May 21, 2019 Last Updated 8:31 AM, Apr 10, 2019

Conlon Construction talks PSBJ through the fabrication of the BREEAM-rated ‘Excellent’ One Hatfield Hospital

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Sean Conlon from Conlon Construction discusses the design and construction of the BREEAM-rated ‘Excellent’ One Hatfield Hospital in Hertfordshire, highlighting the elements of best practice that could be rolled out to other healthcare environments.


While lots of commercial environments attain BREEAM ‘Excellent’ ratings, achieving the required standard of energy efficiency and environmental performance is notoriously difficult in the healthcare sector. There are multiple reasons for this, including the high electrical loading requirements of a 24/7 operation, the need for extensive heating and cooling, the use of advanced equipment and high levels of water consumption.

At One Hatfield Hospital in Hertfordshire, the £40m design and build project delivered by Conlon Construction has incorporated measures to enhance energy efficiency and environmental performance to help drive down running costs while ensuring high standards of patient comfort.

The hospital may be relatively small compared to many NHS Trust hospitals, but there are elements of best practice that can be shared and scaled up to benefit any UK healthcare environment.

Innovative approach

One Healthcare works with the NHS, private medical insurers and communities to innovate in the way care is delivered, utilising advances in technology to facilitate a smoother patient journey with reduced hospital stays.

The same focus on innovation has also led the healthcare provider to push standards of specification in order to reduce energy consumption, utilise renewable energy technologies effectively, conserve water and ensure that sustainability was built into the fabric of One Hatfield Hospital.

To achieve these goals, early engagement with the delivery partners was essential as this was integral to both the energy strategy and building comfort. For example, consideration was given to natural light at the earliest design stages as this influences both patient comfort and energy demand for electrical lighting. The result is a hospital that is permeated by ample natural light, with a ‘Zen Garden’ to provide a relaxing patient environment in the heart of the building. LED lighting throughout is controlled by a DALI-based system with absence detection and daylight linking to ensure electric lighting is only operational on an as-needed basis.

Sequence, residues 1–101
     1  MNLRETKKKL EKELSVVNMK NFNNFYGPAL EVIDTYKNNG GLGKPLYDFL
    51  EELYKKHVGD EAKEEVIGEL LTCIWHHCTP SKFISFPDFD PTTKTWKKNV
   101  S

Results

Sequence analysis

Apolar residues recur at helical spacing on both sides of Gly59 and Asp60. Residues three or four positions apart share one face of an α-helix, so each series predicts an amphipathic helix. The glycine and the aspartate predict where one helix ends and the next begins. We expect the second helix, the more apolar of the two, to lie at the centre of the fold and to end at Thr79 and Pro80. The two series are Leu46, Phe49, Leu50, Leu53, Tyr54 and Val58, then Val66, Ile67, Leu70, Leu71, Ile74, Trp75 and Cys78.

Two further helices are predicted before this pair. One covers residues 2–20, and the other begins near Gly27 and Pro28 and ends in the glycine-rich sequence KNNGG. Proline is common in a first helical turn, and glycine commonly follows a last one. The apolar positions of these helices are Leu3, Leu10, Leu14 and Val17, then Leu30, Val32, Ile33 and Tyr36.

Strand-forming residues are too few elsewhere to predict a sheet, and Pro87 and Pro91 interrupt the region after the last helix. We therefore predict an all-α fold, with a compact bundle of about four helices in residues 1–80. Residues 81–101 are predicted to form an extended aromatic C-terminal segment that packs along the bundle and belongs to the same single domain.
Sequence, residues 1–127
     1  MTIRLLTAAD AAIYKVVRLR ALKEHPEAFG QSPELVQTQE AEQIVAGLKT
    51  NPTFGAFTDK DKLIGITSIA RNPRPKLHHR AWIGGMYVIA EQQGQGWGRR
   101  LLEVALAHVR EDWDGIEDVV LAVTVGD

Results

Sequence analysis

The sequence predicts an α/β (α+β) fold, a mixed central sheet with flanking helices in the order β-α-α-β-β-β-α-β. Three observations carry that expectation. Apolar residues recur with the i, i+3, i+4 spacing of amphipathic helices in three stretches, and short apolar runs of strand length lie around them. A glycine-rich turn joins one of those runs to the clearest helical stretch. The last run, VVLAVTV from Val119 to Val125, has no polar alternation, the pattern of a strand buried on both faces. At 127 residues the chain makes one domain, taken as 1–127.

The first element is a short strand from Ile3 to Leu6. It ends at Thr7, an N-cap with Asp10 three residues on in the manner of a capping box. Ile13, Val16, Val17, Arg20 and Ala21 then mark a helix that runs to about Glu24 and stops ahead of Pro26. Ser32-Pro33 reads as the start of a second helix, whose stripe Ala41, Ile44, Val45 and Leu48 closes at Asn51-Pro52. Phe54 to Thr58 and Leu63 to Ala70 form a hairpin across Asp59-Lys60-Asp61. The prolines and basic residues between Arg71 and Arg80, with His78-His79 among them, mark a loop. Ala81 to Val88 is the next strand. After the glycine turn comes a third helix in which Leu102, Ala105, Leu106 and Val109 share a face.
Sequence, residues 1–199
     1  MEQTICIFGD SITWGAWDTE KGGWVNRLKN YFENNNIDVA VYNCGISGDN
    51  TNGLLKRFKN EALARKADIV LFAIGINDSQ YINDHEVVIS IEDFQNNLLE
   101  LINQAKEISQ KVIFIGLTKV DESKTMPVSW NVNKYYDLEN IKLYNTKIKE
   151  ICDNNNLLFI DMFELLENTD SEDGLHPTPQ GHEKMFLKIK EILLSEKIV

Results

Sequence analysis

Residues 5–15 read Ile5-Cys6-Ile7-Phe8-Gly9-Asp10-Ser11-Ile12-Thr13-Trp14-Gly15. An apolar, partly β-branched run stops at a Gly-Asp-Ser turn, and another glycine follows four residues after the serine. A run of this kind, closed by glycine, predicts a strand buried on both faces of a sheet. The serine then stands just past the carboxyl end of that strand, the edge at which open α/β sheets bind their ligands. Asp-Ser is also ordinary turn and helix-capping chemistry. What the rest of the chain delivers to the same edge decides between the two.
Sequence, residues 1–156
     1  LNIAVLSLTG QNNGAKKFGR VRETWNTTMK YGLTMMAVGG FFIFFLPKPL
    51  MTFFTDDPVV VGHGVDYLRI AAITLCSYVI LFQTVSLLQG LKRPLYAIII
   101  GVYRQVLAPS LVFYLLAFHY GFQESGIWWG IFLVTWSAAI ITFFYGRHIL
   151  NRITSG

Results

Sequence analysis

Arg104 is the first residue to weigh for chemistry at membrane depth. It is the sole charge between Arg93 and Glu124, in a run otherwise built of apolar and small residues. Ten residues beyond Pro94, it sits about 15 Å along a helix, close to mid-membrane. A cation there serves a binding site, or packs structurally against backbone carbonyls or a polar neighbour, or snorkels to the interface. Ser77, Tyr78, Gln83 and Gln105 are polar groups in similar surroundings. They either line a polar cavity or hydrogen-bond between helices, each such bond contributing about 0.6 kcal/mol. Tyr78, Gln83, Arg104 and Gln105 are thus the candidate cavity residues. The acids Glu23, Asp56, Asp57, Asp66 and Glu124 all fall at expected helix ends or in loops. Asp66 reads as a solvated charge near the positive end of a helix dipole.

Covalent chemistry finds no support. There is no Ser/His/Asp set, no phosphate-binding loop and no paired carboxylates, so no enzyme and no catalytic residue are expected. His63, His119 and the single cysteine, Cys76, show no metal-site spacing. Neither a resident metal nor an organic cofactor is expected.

The Conlon Construction team worked with architect practice, Manning Elliot, BREEAM consultant, Aegis, and M&E consultant, Walmsley Associates, from the outset, appointing the company’s own sustainability champion to the project to ensure the scheme met its low-carbon and high comfort goals.

Energy strategy

At the heart of the hospital’s low-carbon strategy is a combined heat and power (CHP) unit, which has a 37kW thermal output to provide the low temperature hot water (LTHW) for the domestic hot water system and the radiators, radiant heating panels and air conditioning coils. Thanks to the constant LTHW load in the 24/7-occupied building, the CHP also provides 19kW of electrical output to contribute to the hospital’s energy requirements.

In addition to the energy generated by the CHP, the hospital has also been fitted with a 32kW solar PV installation on the roof and air source heat pumps have been installed as the energy source for the heat exchangers in the air handling units, with all consulting rooms and en-suite patient bedrooms heated and cooled by VRF (variant refrigerant flow) HVAC systems with heat recovery.